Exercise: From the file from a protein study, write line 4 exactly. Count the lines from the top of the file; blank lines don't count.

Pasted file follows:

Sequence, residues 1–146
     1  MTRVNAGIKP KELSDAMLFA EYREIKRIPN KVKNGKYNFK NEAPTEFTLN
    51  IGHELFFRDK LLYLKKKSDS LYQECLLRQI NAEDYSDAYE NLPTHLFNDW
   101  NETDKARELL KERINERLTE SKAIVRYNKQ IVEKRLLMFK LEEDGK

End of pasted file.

   101  NETDKARELL KERINERLTE SKAIVRYNKQ IVEKRLLMFK LEEDGK